April 21, 2024

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Marketing to Moms with Tots

Marketing to Moms with Tots

Marketing to parents is a wide-open field, but you’ve got to have something that will both catch the eye of the parents as well as the tots. Make it something that will look good in pictures as well as in words and you could have a big seller. But one thing is certain: if you create products for children that make parents happy, you should do well in the marketplace.

Popular Products Sell For More than One Reason

Whether it’s Tickle Me Elmo or the Cabbage Patch dolls of years gone by, if you had a child in the age-range that wanted the toy of the season, and you didn’t manage to get one before they were sold out, then as a parent, you felt like a failure. That’s the guilt card that many companies use very effectively. The pressure to get the right product before it peaks in popularity is enormous for many parents, causing them to buy more than one product that is projected to be “the” toy.

If you were the parent that didn’t get the gift one year, the pressure only increases with the years that follow. Who wants to be that guy more than once?! So, that parent may spend months before the holidays watching the lists of toys that could be the top one, checking up on surveys or focus groups too.

PR To Moms – Big Business

Even though it’s big business, nearly 3/4th of moms claim advertisers don’t have a clue about what moms need and want when they are looking for products. That’s according to Jamie Dunham’s Brand Wise consulting company.  Marketing to moms is worth at least $2 trillion annually according to the Marketing to Moms Coalition – and that’s just U.S. brands. That’s why special interest mom blogs and parenting groups are becoming part of the strategy when marketing to moms and their children.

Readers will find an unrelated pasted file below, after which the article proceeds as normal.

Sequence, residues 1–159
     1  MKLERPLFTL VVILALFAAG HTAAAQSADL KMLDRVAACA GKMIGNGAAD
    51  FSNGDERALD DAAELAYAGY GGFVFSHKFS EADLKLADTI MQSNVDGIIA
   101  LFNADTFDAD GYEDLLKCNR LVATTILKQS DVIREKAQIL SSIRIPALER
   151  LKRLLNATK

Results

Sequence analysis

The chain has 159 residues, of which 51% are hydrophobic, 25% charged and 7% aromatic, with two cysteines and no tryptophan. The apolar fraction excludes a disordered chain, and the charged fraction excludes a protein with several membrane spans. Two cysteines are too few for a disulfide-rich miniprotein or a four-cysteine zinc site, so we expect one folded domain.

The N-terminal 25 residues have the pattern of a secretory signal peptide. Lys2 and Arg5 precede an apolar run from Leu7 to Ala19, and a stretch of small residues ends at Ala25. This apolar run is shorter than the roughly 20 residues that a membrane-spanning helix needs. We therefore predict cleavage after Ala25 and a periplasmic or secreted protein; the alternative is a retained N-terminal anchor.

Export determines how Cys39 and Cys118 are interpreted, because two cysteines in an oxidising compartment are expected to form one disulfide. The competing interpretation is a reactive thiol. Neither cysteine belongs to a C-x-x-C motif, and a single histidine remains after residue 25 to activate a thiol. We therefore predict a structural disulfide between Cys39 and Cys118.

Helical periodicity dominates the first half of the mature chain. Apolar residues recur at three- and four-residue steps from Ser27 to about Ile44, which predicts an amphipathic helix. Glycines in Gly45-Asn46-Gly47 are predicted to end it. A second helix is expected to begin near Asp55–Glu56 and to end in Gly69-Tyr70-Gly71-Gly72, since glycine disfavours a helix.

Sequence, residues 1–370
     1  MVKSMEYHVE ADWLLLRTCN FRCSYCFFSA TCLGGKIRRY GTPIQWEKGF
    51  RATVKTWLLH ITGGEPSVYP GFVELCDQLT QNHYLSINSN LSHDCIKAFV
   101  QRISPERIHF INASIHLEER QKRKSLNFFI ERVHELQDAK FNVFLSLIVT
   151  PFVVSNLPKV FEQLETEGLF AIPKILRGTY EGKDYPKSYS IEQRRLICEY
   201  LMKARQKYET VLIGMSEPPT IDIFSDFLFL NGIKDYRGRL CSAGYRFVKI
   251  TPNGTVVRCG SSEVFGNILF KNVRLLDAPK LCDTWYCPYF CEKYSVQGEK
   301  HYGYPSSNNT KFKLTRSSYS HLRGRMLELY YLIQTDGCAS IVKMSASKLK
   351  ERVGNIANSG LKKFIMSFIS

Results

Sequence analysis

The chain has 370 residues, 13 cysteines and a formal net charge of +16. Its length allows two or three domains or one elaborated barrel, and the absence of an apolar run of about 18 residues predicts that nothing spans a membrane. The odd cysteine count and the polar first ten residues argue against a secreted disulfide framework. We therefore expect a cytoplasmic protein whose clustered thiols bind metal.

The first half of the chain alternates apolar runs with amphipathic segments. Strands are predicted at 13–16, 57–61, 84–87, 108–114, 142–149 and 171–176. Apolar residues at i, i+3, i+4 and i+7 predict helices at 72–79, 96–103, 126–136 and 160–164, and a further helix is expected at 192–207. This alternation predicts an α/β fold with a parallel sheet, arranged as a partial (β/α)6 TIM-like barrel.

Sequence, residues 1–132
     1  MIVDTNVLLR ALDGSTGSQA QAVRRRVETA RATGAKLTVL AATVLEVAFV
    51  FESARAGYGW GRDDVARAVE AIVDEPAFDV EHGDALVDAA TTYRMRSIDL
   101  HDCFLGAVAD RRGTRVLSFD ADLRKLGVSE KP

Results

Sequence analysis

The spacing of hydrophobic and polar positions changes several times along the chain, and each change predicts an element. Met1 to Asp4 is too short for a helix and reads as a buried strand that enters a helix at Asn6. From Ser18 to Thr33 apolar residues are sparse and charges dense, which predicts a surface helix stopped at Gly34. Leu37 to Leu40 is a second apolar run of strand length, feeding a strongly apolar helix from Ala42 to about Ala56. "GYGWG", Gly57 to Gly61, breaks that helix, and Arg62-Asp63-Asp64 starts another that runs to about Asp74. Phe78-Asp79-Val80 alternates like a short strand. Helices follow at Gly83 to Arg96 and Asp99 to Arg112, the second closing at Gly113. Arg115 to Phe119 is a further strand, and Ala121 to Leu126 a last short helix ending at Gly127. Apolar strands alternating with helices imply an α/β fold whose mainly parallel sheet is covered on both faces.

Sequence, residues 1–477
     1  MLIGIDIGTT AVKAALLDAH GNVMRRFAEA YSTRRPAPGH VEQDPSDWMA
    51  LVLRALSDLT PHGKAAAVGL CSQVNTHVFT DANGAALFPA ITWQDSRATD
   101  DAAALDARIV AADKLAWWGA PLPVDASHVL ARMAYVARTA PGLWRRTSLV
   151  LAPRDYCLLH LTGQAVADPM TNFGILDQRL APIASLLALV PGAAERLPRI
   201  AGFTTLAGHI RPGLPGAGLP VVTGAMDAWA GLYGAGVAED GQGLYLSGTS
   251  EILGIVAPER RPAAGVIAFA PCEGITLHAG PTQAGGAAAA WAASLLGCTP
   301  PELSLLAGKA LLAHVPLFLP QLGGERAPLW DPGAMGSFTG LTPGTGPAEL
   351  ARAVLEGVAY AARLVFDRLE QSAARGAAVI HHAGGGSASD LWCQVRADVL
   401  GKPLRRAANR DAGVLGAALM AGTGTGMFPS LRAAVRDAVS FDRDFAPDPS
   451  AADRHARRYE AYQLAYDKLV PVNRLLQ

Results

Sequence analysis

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For those wanting to market to moms with tots, they need to recognize their target market is Millennials with children, and that group is big on emotional advertising and finding products that factor in well-being. Add in the social media fluency aspects of that generation and companies that want to have a long run in the marketplace will look at providing good, safe products that promote fun as well as education.

Technology Helps

Dunham points out that making websites mobile friendly is imperative. “As more people get smartphones, we’re carrying computers around in our pocketbooks. It allows us to shop 24-7, to have the ability to stand in a store and gather information about that store and other stores.”

Making an Emotional Connection

Tom’s Shoes makes a connection by appealing to their consumers’ social conscience. Other companies do something similar. There’s a small wooden toy company that started out on Etsy, mainly making wooden teethers and rattles. They eventually became the top toy seller on the site and over the eight or so years since they started have continued to add many toys, large and small, to their inventory. With every toy they sell, they plant a sapling. They’ve named their company Little Sapling Toys … referring not just to the wood, but to their viewpoint of helping little ones grow strong over time. The company has grown slowly, and this November just had a grand opening for their first brick and mortar shop.

Little Sapling ships to customers all around the world, but they’ve grown because they provide a good product at a reasonable price. Their toys are educational, fun, and well, you know those custom blocks people often use in their baby pics with the name of the child or their age? You can get those from them too.

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Marketing to moms with tots is all about knowing what those moms think is important for their children, and the world around them. Figure that out and you might find your company growing well beyond what you first imagined.